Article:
Nov. 3, 2010
UI study finds fault with bankruptcy law’s mandatory finance education course
A new study by University of Iowa law professor and bankruptcy expert Katherine Porter finds that a financial education course required of everyone who files for bankruptcy has serious flaws and provides little help to many of the people who must take it.
The education program was part of the changes made to federal bankruptcy law in 2005 and must be completed before the court discharges a person’s debts. The course is two hours long and covers the general topics of budget development, money management, wise use of credit and consumer information.
Porter said the course is required on the expectation that it will help people better manage their finances and avoid re-filing for bankruptcy in the future. She said all petitioners take a course with a standardized curriculum, and there is no segmentation for people based on things like education, income or reason for filing for bankruptcy.
Porter’s study includes the responses of approximately 2,000 people who filed for bankruptcy in February and March in 2007 and completed a survey assessing the education program. While 72 percent of those surveyed said they found the program useful, only 33 percent said it would have helped them avoid bankruptcy.
Porter said one weakness of the educational program is that it assumes most people file for bankruptcy because of some kind of financial irresponsibility on their part. She said it does not acknowledge that many people have to file for bankruptcy for reasons beyond their control, such as catastrophic health care expenses or job loss, and have nothing to do with financial mismanagement.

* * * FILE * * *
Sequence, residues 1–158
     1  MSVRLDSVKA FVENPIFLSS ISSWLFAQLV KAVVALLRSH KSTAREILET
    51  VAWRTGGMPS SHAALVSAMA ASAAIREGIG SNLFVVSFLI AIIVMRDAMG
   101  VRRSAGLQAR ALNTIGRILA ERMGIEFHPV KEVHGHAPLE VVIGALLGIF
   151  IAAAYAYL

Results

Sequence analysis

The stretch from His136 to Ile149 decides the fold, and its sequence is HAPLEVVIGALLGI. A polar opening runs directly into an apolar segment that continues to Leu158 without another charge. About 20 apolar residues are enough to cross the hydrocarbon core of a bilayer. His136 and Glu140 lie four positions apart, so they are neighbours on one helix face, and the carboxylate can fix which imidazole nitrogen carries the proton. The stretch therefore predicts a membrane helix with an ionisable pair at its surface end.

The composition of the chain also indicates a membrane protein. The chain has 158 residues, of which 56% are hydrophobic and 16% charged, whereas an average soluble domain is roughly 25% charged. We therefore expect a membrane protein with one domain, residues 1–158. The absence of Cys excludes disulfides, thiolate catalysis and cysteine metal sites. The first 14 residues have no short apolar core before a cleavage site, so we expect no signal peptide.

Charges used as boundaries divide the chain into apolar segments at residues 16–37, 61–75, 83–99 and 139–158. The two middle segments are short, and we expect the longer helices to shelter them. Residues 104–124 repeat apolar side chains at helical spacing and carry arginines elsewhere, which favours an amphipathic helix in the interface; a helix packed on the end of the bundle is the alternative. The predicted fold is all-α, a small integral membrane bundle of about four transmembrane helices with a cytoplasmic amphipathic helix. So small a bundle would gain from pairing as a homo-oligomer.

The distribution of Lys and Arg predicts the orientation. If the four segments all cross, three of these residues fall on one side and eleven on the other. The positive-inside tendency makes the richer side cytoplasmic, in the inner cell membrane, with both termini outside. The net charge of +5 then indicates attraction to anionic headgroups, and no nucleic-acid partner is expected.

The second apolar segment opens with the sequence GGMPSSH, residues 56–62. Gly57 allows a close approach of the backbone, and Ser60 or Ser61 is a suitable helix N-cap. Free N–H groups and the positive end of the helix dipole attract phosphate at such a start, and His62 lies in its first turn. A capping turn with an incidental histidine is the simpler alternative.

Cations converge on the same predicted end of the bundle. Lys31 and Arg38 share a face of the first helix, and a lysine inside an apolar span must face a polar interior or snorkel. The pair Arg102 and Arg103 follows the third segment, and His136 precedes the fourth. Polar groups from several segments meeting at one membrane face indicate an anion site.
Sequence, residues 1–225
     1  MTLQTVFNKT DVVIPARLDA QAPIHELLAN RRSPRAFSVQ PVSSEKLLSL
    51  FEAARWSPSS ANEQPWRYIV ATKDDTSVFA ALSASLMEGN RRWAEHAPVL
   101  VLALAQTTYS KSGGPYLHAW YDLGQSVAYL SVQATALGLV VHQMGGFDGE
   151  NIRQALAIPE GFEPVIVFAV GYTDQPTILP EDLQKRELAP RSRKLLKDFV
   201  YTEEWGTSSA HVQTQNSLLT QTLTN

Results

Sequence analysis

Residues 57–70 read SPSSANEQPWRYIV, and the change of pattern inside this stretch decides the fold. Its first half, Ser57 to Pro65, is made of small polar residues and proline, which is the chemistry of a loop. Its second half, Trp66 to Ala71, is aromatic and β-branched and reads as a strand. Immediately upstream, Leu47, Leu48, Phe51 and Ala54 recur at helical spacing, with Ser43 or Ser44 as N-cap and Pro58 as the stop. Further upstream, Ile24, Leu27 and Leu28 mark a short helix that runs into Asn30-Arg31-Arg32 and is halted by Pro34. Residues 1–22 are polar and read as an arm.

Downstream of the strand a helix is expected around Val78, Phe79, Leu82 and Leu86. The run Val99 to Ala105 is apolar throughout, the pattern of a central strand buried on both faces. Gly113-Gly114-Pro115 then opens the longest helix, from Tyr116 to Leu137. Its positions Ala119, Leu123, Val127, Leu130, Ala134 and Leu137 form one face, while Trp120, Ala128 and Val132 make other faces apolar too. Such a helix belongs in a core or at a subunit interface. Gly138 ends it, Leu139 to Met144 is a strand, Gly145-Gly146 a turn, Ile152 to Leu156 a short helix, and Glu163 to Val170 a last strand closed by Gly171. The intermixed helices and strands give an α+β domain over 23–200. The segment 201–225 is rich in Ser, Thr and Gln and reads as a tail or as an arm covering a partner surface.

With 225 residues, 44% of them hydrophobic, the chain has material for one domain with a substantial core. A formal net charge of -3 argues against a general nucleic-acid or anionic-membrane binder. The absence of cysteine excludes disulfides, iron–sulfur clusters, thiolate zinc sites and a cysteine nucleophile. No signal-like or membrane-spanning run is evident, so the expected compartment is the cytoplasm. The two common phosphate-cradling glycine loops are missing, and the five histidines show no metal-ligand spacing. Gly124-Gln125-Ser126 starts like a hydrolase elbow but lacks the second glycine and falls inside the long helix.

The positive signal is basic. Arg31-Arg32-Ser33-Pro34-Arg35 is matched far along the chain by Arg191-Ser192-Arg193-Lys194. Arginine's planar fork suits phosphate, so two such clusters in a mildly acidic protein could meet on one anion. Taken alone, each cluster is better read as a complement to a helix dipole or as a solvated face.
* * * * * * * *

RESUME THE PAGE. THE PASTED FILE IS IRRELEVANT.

“Teaching people to make different financial decisions can reduce the incidence of financial distress only if the distress is caused by a person’s financial knowledge,” Porter said. “One of our respondents filed for bankruptcy after she was burdened by medical expenses following a heart attack, and she said no amount of financial education would have helped her not have a heart attack.”
The study found the program’s one-size-fits-all approach is also limiting. Most of the survey respondents who found the program useful were younger than age 25 or older than age 65, tended to have lower levels of education and little familiarity with finances. Porter said those with higher levels of education and more familiarity with finances found the program not only unhelpful but “condescending and insulting.”
For instance, 36 percent of those without a four-year college degree believe they could have avoided bankruptcy with the information they learned in the program, but only 22 percent of college graduates shared that view.
“It appears that more awareness of their financial plight leads people to perceive less benefit from the financial education course,” Porter said.
The data also showed a sharp split based on race. While 28 percent of whites said the course might have helped them avoid bankruptcy, 49 percent of minorities said the course would have made a difference.
Porter also points out that the government provides little oversight of the educational program and does not use any standardized assessment tools measure its effectiveness.
Porter’s study, “Debtors’ Assessments of Bankruptcy Financial Education,” was co-authored by Deborah Thorne, associate professor of sociology and anthropology at Ohio University. It will appear as a chapter in the book “Financial Knowledge and Decisions,” edited by Douglas Lamdin, and be published in 2011 by Springer.
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